Tonight For The First Time At Just About Half Past Ten

Last night, I saw Magic Mike. It was a free screening, which was good, and I was invited by a new co-worker, which was better. Free plus a new friend is a good combination for me.

I have never been to a studio sponsored free screening before. A security guard had to go through my bag before I could go in. My stinky, ten hour old gym clothes did not make him my friend. Just before the movie started, a Warner Brothers representative told us there were anti-piracy officers present (immediately conjuring images of Victorian sea captains imbued with honor) and that if they saw a cell phone or other electronic device, they would have to assume someone was illegally filming the film before its release date. I really hate when people text during movies, so I sort of wanted to see someone get taken down, but no such luck.

The audience was not the one I expected to find: there were people of all ages, couples of the heterosexual persuasion. Next to me was a middle-aged mother and her straight teen-aged son. I feel confident they did not know what the movie was exactly going to be about, but they stayed through the end. I thought maybe the cast would join us, but they were really busy being unspeakably attractive elsewhere.

As for the movie, Deadspin has a great review that does a better job than I could, but I will say that I thought this would be Showgirls-esque levels of overacting and manically heightened stakes. Which would have been just fine with me. But Magic Mike was a lot more than just endless, ceaseless eye candy. There was great acting. The plot was involved. I learned something more about myself than that I prefer Joe Manganiello (who was criminally underused) to Channing Tatum, even though he cannot dance well enough to even be called a decent mover. The movie is really about the slippery slope of the easy life, told through this particular story about really, really attractive men. It’s an important lesson to learn, or to be reminded of.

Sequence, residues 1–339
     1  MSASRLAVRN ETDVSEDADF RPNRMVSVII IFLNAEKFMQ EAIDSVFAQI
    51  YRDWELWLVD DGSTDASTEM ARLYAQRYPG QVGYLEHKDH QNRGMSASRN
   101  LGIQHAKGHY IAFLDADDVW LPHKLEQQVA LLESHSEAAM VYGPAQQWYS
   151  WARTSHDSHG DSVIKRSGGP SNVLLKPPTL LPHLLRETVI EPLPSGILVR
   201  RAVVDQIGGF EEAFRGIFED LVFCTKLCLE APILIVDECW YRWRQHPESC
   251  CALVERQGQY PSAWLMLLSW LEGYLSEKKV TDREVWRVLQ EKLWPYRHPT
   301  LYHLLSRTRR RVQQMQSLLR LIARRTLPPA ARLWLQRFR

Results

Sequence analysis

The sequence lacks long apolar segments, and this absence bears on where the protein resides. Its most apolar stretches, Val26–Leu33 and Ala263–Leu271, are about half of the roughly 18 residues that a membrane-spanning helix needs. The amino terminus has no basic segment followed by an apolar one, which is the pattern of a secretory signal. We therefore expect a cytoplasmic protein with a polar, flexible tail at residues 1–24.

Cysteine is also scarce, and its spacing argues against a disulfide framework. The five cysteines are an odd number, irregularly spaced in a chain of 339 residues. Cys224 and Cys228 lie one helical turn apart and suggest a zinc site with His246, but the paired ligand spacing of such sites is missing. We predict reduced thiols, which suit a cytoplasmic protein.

One of my favorite books is Burning Bright, by John Steinbeck. In it, these three characters live through one specific conflict but exist in three separate settings; the circus, a farm, and a ship (I don’t know if it was pro- or anti-pirate). The story is not the point of the book. The point of the book is that actions have lasting consequences no matter who you are. Magic Mike was relatable enough to convey this same lesson. The story is not new, but it’s freshly told.

I may have not mentioned this, but also, everyone in it was hot. I found myself with my mouth literally hanging open more than once. No word on how the mother and son duo felt about the whole thing.

Editor’s Note: Matthew McConaughey was awesome. He was so convincing in the role that he was unlikeable, which I thought was physically impossible for him. Even though he nearly spoofs himself when he’s “onstage” (bongos, “All right, all right”, etc.), behind the scenes he displayed range I’ve never seen from him.


One thought on “Tonight For The First Time At Just About Half Past Ten

  1. Pingback: Feeling Hot, Hot, Hot | petulantpanda

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